Honoring Pride for Those Who Follow

 

Tony Walsh

You are who you are, until you are not. At 20, I went from a polite, well-mannered, educated man to just gay. I have spent a part of my life fighting not to be defined by one thing, and thankfully the world I live in has allowed that to happen (but as we are all aware, homophobia, racism and  sexism does not afford everyone the same luxury). I do see the irony in then writing a piece like this, but as I said, you are who you are. 

I was once told if you sneak around and hide what you are doing, it is because you think it is wrong. That is why I came out. It shocked some people, others accepted it, but one of the poignant memories of that “outing” period of my life was asking a friend why they never questioned my sexuality. I was floored by their response. They thought about asking me, but realized the answer did not matter, so they never bothered. Imagine that a person just did not care who I dated.

Being gay in Ireland during my lifetime has been a strange journey. It was once illegal (homosexuality was decriminalized in 1993), the very first Pride parade took place, civil partnership was enacted, and we legalized same-sex marriage by public vote. I am skipping some milestones, but these were the most impactful events for me. Especially the last one: the campaign for marriage equality.

The people of Ireland answered a call for equality in droves; special ships and planes were organized to get those eligible to vote back to Ireland; it even trended globally on Twitter. The outpouring of support was overwhelming. The flip side was six months of listening to people openly debate how I not only could, but should, live my life. It felt like we had briefly taken a step back, but then leaped forward again, rainbow flag flying. I learned from this experience that not everyone was as accepting as I thought. A side to people I assumed had been lost to time was laid bare and still very much alive.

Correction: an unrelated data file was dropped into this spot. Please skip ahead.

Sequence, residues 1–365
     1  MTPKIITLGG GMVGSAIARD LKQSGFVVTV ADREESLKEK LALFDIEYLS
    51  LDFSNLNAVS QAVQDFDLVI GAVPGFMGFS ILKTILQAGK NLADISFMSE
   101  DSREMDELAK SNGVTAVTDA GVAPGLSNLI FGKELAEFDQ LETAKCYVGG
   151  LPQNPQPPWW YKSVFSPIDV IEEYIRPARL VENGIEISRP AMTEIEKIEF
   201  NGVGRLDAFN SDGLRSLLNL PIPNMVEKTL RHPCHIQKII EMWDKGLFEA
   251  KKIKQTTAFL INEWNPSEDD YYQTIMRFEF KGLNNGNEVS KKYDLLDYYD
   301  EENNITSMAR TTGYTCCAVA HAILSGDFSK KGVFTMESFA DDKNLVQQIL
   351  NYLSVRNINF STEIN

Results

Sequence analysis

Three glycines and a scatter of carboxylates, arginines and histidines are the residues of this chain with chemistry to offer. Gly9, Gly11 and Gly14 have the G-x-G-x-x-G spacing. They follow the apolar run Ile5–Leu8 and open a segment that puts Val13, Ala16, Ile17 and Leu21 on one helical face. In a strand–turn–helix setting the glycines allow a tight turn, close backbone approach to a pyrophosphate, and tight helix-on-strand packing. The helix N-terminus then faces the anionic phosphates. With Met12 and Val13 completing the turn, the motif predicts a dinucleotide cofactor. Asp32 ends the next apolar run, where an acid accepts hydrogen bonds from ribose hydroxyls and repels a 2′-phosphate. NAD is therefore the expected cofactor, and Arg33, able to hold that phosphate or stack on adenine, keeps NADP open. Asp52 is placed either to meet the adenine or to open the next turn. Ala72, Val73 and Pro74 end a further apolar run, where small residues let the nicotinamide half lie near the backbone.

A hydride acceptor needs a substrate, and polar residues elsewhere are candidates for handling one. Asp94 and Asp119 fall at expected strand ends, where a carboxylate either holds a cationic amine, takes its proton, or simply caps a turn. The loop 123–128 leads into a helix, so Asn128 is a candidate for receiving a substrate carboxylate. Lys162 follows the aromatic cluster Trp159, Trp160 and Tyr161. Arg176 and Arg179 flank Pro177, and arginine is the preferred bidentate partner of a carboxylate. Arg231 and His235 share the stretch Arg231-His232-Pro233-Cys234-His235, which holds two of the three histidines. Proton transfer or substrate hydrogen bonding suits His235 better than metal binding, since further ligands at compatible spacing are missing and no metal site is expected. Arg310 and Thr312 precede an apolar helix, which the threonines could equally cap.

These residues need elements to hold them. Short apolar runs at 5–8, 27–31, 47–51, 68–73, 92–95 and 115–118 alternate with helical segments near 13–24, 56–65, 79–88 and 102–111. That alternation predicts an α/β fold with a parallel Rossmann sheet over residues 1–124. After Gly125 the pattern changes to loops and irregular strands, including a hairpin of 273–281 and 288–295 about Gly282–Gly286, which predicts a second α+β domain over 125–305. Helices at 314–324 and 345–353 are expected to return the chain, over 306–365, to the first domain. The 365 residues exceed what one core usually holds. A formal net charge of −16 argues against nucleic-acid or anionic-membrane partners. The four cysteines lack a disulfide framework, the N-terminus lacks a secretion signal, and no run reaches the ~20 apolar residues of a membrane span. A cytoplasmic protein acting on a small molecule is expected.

My first proper homophobic attack is actually funny now that I look back on it. I was about 16 and waiting on a taxi, minding my own business, when a car drove by filled with a group of men that started screaming slurs out the windows at me. What is funny is not that it happened, but my reaction at the time was “How do they know?” I was more concerned about being outed then being attacked. 

Some (not all) LGBTQIA+ people spend sections of their lives lying, whether to protect themselves, their loved ones, or their sense of belonging. I do not have a dramatic coming-out story; I told my family and literally moved on to dessert. We were having dinner at the time. But I did lie (a lot).

I lied because of fear. Nobody should live in fear of who or what they are. 

I have a supportive family and friends who love and care for me and I work for a company that allows me to bring my whole self to work. Workhuman® has given me this platform to tell my story and has removed the fear. I have the freedom and support to express myself and not to be defined by any one thing. There is no greater gift an employer can give. This is the first place I’ve worked that not only openly encourages me to be me, but actively looks to be inclusive and not just tick a box on a diversity to-do list. I have a voice that is heard, and I am empowered to use it.

I am not alone in these experiences, but life does not turn out that way for everyone when they are part of the LGBTQAI+ community or an under-represented population. People lose their families, are imprisoned, tortured, murdered, forced into conversion therapy, and not in far-off, strange lands or bygone times, as you might think. I am writing this for them. I attend Pride parades for them, and I support them. This is not about me or how easy or hard my life has been, but rather, to highlight with a little respect and empathy how life can be better and happier for those who follow. 

 

About the Author

Tony Walsh

Tony is a supplier relationship specialist at Workhuman. He is more often found drinking tea and chatting in the café than at his desk. He claims to be shy and reserved, but there is photographic evidence to the contrary from several Workhuman social events.

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